Procurement in a nutshell – bid rigging
15th August, 2016
The practice of bid-rigging is typically regarded as one of the most "hard-core" cartel offences by competition authorities and has the potential to cause significant financial detriment to public procurement.
Yet, last year the Competition and Markets Authority (CMA) commissioned research which demonstrated that 40% of the UK businesses surveyed did not know that bid-rigging was an illegal practice.
In June this year, the CMA made a further effort in its bid-rigging awareness campaign by launching a free e-learning tool, writing an open letter to procurers to explain the issues, and producing a 60-second summary and video to provide further information and advice.
This week’s update seeks to provide an insight into the practice of bid-rigging, explaining what it is, outlining why it is a problem and highlighting some of the preventative measures that contracting authorities (CAs) can take.
There is a variety of forms which bid-rigging can take. Some of the most common forms are:
Suppliers may take it in turns to submit the lowest bid. Possible rotation criteria include project size, project location, participant size, or chronological order.
Cover pricing or complementary bidding
Suppliers could agree to submit artificially high bids, or bids that do not meet the tender criteria or will in some other way make them almost certain to be excluded from the tender.
Suppliers might agree – or get forced into – not submitting a bid, to ensure that a predetermined bidder “wins”.
Subcontracting (risk sharing agreements)
Subcontracting arrangements may form an integral part of different bid-rigging schemes. The successful bidder will agree to subcontract to their ‘competitor’ at a later date as compensation for ‘losing’ the bid.
A bid-rigging example: galvanised steel tanks
A number of the CMA’s investigations have uncovered bid-rigging practices. One recent example is a case involving suppliers of galvanised steel tanks used for water storage in schools, hospitals and other commercial and public buildings.
Five suppliers had agreed to share the market between them, to fix prices and to rig bids for contracts over a period of seven years.
The companies involved paid fines totalling £2.6 million. Click here for more information.
Due to the collusive nature of bid-rigging agreements, the activity can be difficult to uncover. However there are indicators which CAs can use to identify suspicious bidding patterns:
- Concurrent bids or bids with similar or unusual phrasing.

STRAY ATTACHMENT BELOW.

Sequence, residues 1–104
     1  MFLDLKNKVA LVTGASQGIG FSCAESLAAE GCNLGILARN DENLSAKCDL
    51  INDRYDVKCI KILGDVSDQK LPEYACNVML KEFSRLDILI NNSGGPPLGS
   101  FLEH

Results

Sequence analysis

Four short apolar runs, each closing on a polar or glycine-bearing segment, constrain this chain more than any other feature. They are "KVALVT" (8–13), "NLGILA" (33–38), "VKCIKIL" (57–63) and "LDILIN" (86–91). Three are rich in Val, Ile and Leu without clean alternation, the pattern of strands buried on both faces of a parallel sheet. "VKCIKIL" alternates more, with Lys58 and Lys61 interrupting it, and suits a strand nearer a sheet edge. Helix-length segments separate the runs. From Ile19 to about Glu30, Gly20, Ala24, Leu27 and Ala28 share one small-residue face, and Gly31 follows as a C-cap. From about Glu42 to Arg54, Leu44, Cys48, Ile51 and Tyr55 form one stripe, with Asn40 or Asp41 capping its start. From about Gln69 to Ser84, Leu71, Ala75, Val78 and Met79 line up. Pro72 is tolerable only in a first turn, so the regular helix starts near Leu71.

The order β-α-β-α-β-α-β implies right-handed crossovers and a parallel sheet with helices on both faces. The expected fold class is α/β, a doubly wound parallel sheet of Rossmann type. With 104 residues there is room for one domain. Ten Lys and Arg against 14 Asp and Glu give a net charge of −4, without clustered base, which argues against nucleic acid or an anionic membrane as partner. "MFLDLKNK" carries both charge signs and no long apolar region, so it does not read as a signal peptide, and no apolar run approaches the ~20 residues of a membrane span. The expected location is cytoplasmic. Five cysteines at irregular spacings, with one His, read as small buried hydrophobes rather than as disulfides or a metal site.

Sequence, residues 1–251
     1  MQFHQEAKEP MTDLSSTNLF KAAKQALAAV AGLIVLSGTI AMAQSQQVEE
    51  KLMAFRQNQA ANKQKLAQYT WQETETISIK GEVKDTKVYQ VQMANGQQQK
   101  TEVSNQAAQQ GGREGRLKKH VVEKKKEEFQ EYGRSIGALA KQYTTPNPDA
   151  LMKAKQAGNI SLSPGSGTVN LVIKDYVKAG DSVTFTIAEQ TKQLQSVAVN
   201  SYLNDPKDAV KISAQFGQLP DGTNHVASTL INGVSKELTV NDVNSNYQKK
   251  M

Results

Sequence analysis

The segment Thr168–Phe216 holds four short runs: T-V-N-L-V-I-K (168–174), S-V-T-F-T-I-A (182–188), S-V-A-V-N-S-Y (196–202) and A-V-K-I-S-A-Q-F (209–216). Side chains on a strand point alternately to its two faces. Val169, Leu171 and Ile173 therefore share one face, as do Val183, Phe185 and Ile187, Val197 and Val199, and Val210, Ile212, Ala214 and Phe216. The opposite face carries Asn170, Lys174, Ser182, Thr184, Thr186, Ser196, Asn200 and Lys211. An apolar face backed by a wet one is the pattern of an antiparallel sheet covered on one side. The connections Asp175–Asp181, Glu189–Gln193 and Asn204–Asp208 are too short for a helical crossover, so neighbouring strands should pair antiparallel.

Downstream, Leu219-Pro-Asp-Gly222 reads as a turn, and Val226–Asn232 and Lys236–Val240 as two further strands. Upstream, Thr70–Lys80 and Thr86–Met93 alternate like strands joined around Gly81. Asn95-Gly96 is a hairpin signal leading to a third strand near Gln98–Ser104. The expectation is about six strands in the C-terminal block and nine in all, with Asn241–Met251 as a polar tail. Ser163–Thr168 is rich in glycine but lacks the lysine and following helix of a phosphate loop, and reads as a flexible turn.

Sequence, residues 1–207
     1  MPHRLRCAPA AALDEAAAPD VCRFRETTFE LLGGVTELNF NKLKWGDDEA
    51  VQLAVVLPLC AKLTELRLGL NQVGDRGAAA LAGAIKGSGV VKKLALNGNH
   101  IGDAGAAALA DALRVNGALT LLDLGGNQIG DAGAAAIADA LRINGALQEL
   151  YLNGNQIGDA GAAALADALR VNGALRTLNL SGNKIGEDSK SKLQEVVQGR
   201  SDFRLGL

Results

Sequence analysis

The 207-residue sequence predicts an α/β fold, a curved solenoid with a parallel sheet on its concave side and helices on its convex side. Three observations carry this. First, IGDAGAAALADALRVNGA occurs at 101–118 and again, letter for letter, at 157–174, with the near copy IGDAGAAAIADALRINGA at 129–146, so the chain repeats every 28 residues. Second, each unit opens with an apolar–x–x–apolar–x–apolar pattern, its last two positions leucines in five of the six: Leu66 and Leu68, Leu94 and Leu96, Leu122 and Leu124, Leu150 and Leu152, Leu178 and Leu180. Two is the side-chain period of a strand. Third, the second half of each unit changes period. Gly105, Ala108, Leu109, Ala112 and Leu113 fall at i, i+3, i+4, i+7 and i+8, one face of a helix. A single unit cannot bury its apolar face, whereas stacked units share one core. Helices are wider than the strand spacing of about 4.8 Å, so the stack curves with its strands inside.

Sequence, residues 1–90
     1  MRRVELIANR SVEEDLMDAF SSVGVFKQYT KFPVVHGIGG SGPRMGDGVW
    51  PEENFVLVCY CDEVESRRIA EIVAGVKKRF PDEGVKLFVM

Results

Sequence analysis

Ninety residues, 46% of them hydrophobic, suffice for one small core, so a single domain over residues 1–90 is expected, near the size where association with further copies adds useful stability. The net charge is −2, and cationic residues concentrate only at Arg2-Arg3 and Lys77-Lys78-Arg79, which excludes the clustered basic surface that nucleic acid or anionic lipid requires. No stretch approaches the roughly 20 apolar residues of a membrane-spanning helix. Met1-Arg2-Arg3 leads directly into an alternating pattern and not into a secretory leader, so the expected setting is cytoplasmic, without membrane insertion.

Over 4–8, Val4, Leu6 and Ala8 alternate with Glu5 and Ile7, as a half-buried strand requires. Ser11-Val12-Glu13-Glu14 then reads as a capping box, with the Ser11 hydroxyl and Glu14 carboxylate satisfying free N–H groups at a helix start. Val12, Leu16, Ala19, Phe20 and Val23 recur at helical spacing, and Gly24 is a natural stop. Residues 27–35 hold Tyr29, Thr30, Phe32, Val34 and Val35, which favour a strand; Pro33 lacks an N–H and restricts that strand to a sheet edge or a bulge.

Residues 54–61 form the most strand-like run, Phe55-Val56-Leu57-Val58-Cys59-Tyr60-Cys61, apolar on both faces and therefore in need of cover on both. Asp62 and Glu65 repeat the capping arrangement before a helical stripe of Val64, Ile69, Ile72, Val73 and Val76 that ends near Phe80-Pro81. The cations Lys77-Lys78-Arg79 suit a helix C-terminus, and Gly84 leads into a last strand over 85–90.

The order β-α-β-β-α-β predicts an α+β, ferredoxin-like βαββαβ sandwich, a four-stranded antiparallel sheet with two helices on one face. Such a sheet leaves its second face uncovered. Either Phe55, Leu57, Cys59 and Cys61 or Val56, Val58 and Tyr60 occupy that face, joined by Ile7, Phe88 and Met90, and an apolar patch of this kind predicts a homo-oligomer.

- Different bids with identical prices.
- Bids with less detail than expected.
- Failure of a likely tenderer to submit a bid.
- The lowest bidder opting not to take a contract.
- Withdrawal of bids on the entry of new or infrequent bidders.
- Subcontracting of work by a supplier to one of their ‘competitors’ which had submitted a higher bid.
- Sudden removal of expected discounts or other changes made to bids with little notice.
- Suspiciously high bids with no logical differential cost.
- A bidder which discloses discussions with other or has knowledge of previous bids.
Keeping accurate records of tender processes will aid CAs to track the behaviour of bidders and detect bid-rigging. Another advisable step for CAs is to inform suppliers of their awareness of competition law when going out to tender.
Non-collusion clauses can be used in tenders, which give CAs the right to disqualify bidders where bid-rigging is detected. Cooperative practices amongst CAs such as sharing experiences can create a pool of common knowledge and practices which are effective in the fight against bid-rigging activity.
In its open letter the CMA encourages procurers to report any suspected bid-rigging activity by contacting its ‘CMA cartels hotline’ by emailing email@example.com or calling 020 3738 6888.
Why is this important?
Many CAs continue to feel the pressure on their budgets as they strive to meet the needs of millions of users in their provision of services.
The CMA has reported that in 2013/13 the UK public sector spent £242 billion on procurement of goods and services, of which around £60 billion is spent by local government.
According to the CMA, evidence suggests that cartels – including bid-rigging – overcharge by up to 20%. This evidence is based on the information garnered from activity which has been detected.
Indeed, the true extent of the harm caused may never be known since, as competition law experts suspect, we may only be detecting the “tip of the iceberg” in illegal cartel behaviour, and therefore bid-rigging collusion.
This notion puts into focus the importance for CAs to put into practice preventative measures in the fight against bid-rigging, which can ultimately cost taxpayers and consumers many millions of pounds.
How can I find out more?
If you have any queries on the issues raised or on any aspect of procurement, please contact us via our procurement hotline on 0191 204 4464.
Please note that this briefing is designed to be informative, not advisory and represents our understanding of English law and practice as at the date indicated. We would always recommend that you should seek specific guidance on any particular legal issue.
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